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Pile Perch (Rhacochilus vacca) as a cleaner fish for sea lice on farmed salmon: Identification of pathogens of concern with respect to salmon and perch health



The presence of sea lice is a significant economic and environmental burden to commercial salmon aquaculture. Since 2001, dietary emamectin benzoate (EMB) had been the treatment of choice for sea lice on farmed Atlantic salmon because of its high efficacy and ease of application. However, the development of EMB resistance among sea lice populations has reduced its usefulness as a treatment in Norway, Chile and eastern Canada. In British Columbia (BC), reports of variable EMB treatment efficacy suggests that resistance to EMB may be developing, stressing the need to find alternative tools for controlling sea lice.

In Norway cleaner fish (i.e., fish that can remove parasites off the surface of other fish) are commonly used to control sea lice infestations and reduce the reliance on chemical treatments. In BC, the potential for using native Pile Perch as a cleaner fish to control sea lice has been demonstrated in the laboratory. However, prior to commercial development and deployment of Pile Perch as a cleaner fish, it is necessary to understand the potential fish health risks, if any, posed by their use. It is also important to identify any infectious agents that may directly affect the Pile Perch. This project examined pathogens of concern to salmon and perch health, and sought to identify if Pile Perch could act as an alternative or reservoir host of salmon pathogens.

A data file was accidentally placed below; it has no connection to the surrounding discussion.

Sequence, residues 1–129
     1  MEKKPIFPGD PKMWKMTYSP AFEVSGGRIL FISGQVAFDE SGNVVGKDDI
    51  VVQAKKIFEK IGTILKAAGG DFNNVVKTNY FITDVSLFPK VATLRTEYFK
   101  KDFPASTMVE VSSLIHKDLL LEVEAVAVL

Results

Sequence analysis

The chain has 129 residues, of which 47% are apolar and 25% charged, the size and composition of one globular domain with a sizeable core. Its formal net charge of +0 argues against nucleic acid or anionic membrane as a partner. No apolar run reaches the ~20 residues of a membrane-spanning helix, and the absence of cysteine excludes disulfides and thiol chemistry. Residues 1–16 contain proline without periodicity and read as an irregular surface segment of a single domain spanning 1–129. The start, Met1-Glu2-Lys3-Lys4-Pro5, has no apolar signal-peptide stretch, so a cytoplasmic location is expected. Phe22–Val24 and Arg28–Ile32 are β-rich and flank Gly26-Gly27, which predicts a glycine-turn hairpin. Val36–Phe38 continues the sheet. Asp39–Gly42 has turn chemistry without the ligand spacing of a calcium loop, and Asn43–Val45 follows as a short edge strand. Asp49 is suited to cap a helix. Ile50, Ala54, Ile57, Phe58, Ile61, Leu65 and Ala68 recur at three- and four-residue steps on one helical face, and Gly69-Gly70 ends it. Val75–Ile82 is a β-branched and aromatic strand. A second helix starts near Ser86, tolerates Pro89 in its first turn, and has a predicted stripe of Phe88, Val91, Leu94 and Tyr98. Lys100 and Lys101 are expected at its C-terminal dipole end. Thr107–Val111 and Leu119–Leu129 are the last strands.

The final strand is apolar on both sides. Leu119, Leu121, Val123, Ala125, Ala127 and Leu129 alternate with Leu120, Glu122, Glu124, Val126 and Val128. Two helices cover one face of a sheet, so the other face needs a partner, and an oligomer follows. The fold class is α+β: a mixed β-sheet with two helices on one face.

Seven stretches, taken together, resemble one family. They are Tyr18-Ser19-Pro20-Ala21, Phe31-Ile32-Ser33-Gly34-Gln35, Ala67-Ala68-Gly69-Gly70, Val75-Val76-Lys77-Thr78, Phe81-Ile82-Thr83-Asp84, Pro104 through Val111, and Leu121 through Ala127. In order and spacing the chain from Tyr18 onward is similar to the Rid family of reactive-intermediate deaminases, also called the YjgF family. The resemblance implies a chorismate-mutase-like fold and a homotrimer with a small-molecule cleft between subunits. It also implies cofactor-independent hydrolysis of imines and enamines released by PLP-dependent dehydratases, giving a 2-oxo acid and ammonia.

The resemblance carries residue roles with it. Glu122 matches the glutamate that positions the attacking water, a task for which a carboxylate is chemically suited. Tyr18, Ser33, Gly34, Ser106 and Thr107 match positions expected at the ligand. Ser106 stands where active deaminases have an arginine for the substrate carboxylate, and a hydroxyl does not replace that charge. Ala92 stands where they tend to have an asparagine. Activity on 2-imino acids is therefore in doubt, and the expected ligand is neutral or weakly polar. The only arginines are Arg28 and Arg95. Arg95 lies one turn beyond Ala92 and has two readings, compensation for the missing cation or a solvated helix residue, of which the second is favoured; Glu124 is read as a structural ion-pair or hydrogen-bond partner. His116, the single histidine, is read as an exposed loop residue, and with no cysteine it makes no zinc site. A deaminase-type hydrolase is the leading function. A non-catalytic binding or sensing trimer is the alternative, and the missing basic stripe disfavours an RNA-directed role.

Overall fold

This project examined Pile Perch (Rhacochilus vacca) and other surf perch species, Shiner Perch (Cymatogaster aggregata) and Striped Sea Perch (Embiotoca lateralis). Perch were collected both near and far away from salmon farms and screened for pathogens of concern to salmon and perch health. Samples of multiple organs were screened for the following pathogens:

  • Viral Hemorrhagic Septicemia virus
  • Infectious Hematopoietic Necrosis virus
  • Piscine Nodavirus
  • Piscine orthoreovirus-1
  • Renibacterium salmoninarum
  • Moritella viscosa
  • Aeromonas spp.
  • Piscirickettsia salmonis

Of the 190 individuals tested, none were found to have any of these infectious agents.

Program name

Aquaculture Collaborative Research and Development Program (ACRDP)


One year: 2018-2019

Principal investigator

Stewart Johnson, research scientist, Fisheries and Oceans Canada, Pacific Biological Station, Pacific Region

Team members

Diane Morrison, Fish Health and Food Safety Director, Marine Harvest Canada
Ahmed Siah, research scientist, BC Centre for Aquatic Health Sciences


Joanne Liutkus, Regulatory Affairs and Research Manager, BC Salmon Farmers Association
Jim Powell, Chief Executive Officer, BC Centre for Aquatic Health Sciences

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